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NHS Confederation - Government should consider new approach to tackle ‘pension crisis’
Patients face delayed and cancelled operations and treatment, as well as longer waits before being discharged from hospital unless the government takes urgent action to end the NHS pensions crisis, according to the NHS Confederation.
The warning by the NHS Confederation, which represents leaders across the entire healthcare system, is made in a letter to Chancellor Sajid Javid today (Wednesday 6 November) as the health service gears up for another busy winter.
In the letter, its chief executive, Niall Dickson calls on the Chancellor to address the growing crisis well before the changes that are already planned are due to be rolled out from April.
The Confederation points out that NHS services, including A&E departments and GP surgeries tend to be at their busiest in February and March and says this must be a priority for an incoming Government.
The letter specifically urges the Chancellor to consider a limited measure which would allow any extra hours worked by senior clinical staff delivering front line care to be non-pensionable if they exceed their full-time contracts. The Confederation has also copied the letter to the main opposition parties.
This follows repeated calls from the NHS Confederation for the tapered annual allowance, introduced in 2016, to be scrapped. The allowance places a limit on how much senior NHS staff can grow their pension pots and causes a tax charge if this is exceeded. It is leaving senior clinicians with no choice but to refuse extra work, including filling gaps in staff rotas, at a time when frontline services are understaffed and busier than ever.
Niall Dickson, chief executive of NHS Confederation, said:
“As the NHS hurtles towards another monumentally busy winter period, we are facing a ticking timebomb where vital shifts might not be filled because of the ongoing pensions crisis.
“We welcome the Department of Health and Social Care’s commitment to introduce changes to the NHS Pensions Scheme for senior doctors but we cannot afford to wait until April for these to be rolled out given that vacancies are high, staff are understandably refusing to take on extra shifts and demand for services is growing.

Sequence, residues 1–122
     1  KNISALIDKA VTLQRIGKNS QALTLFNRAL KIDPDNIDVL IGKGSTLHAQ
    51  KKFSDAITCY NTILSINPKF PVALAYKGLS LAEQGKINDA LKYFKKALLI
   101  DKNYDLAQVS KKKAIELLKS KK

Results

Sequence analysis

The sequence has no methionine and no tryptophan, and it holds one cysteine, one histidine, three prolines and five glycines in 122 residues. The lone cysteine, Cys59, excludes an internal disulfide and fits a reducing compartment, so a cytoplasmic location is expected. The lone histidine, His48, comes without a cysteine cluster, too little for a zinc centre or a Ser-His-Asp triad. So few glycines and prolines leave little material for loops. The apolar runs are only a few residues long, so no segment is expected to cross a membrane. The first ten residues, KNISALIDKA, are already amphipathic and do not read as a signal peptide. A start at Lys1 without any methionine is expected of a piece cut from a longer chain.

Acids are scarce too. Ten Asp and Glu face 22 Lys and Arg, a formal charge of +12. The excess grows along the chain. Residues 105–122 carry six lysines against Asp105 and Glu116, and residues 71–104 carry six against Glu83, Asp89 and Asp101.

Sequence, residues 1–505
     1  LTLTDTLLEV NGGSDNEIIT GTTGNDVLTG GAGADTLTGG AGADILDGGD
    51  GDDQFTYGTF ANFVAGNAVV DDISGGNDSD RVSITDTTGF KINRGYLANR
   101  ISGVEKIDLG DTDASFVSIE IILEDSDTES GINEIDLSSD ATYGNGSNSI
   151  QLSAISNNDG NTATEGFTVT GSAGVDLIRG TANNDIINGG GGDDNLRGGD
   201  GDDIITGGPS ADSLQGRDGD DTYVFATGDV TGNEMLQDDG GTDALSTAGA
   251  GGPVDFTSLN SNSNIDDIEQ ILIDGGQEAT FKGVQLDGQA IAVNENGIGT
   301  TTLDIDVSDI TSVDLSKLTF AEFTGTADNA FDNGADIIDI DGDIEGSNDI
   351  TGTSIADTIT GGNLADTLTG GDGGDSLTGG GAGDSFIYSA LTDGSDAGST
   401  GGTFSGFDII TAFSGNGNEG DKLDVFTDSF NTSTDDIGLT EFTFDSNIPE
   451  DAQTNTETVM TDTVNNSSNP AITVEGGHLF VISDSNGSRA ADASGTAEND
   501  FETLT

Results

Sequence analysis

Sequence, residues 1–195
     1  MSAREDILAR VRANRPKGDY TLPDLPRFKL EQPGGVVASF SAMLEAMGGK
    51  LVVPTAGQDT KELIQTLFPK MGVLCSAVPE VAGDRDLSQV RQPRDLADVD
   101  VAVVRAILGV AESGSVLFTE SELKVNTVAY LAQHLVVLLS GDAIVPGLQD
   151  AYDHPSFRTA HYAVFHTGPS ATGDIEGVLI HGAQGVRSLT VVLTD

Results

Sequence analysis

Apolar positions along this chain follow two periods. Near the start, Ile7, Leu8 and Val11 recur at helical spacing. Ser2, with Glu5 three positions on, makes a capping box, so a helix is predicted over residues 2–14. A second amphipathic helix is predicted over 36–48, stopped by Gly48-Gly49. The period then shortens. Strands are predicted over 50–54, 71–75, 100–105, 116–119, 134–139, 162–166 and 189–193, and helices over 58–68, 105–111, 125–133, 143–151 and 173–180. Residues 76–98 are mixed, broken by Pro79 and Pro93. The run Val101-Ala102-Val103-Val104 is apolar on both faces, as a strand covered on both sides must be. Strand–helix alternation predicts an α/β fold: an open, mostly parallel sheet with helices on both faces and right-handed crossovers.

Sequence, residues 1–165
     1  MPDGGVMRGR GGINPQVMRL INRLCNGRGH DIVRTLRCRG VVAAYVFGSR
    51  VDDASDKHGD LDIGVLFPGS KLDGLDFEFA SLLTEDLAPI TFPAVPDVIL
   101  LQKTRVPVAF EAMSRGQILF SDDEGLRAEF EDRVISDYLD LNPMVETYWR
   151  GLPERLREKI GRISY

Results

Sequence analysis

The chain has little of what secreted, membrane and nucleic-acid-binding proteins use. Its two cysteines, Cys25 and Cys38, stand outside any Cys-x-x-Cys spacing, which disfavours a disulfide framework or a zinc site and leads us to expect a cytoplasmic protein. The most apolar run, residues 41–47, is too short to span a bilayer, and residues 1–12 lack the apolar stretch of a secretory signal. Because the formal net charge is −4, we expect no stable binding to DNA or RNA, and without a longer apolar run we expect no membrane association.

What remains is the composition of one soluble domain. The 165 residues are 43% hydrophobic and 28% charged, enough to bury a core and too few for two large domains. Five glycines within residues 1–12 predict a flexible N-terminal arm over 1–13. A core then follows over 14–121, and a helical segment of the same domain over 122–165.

“We have called repeatedly for the scrapping of the tapered annual allowance but if the Government cannot commit to that, it must explore alternatives to address the current situation, such as allowing any payments to NHS doctors in excess of a full time 40-hour contract to be excluded from consideration in the application of the taper.
“Otherwise, we are facing the very real prospect of patient care and safety being at significant risk over winter.”
Last month, the Royal College of Surgeons of England reported that 68% of consultant surgeons they surveyed are considering early retirement because of the pensions tax issue, 64% have been advised to work fewer hours, and 69% have reduced the amount of time they have spent working in the NHS.
Research commissioned in June by NHS Employers, which is part of the NHS Confederation, found 42% of those questioned, predominantly consultants, had reduced the number of extra shifts they do as a result of problems.
The Department of Health and Social Care has sought to address this problem by proposing ways for the 650,000 senior clinicians who are part of the NHS Pension Scheme to become more involved in setting and adjusting their contributions throughout the year.
NHS Employers responded to this consultation, calling for other NHS staff not to be overlooked and for them to be granted the same flexibilities as senior doctors when it comes to deciding their annual pension contributions. from any planned changes.
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